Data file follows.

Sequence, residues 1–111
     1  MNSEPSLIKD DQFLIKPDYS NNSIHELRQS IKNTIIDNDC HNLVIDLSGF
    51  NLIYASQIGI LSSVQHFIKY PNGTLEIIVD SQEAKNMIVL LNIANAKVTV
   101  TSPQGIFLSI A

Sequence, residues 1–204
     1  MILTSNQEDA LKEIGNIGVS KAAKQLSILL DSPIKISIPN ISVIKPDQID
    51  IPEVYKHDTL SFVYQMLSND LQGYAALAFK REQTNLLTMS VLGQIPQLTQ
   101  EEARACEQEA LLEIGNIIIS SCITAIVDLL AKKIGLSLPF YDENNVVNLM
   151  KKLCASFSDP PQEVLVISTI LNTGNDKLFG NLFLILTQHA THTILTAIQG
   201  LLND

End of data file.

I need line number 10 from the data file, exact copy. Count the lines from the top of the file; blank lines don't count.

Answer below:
   201  LLND